© UNU-EHS / Sonja Ayeb-Karlsson
UNU-EHS expert Sonja Ayeb-Karlsson shared 5 Climate Changes Health facts featured in the 2018 Report of the Lancet Countdown: Tracking Progress on Health and Climate Change.
157 million more vulnerable people were exposed to heatwaves in 2017 compared to the year 2000, with each person experiencing an additional one to four days of heat waves per year over the same period.
Livelihood failure can lead to seasonal migration in Bangladesh where many people work in brick factories. The dust and polluted air that the factory workers are exposed to can have serious impacts on people’s respiratory health, physical and mental development. Large areas of forests are also cut down to provide fuel for the factory’s furnaces increasing the climatic changes.
Heat stress is the overarching term for illnesses that occur when the body’s defence mechanisms are unable to prevent the body’s temperature from rising. The most severe form of heat stress is known as Heat Stroke. This usually occurs when the body temperature is above 40 degrees Celsius and includes the failure of multiple organ systems that can lead to seizures, coma and ultimately death.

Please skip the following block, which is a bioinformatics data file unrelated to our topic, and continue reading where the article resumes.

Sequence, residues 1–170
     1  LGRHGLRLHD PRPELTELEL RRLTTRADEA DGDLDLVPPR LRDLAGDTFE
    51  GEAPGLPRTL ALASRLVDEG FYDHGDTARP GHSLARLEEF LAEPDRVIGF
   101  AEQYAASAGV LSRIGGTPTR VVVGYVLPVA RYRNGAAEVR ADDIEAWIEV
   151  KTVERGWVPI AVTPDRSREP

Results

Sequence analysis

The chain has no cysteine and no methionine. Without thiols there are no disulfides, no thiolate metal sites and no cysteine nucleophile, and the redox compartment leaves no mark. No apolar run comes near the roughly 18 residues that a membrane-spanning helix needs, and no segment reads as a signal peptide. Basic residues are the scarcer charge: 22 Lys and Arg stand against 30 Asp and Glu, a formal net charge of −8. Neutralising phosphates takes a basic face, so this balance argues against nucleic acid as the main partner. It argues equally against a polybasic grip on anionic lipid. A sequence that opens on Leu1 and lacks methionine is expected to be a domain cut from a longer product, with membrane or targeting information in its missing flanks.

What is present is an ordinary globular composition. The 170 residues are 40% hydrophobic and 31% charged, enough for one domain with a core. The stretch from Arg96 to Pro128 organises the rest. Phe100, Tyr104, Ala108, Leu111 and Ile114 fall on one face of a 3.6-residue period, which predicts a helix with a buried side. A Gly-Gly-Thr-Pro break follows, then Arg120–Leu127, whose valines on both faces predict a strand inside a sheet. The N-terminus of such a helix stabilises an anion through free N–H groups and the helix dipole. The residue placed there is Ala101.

Extreme heat can affect mental health, with studies showing increased admissions for bipolar disorder and schizophrenia, worsening dementia symptoms, as well as increased risk of suicide.
Meeting our climate change targets will reduce the burden of disease and enable people to live longer and healthier lives.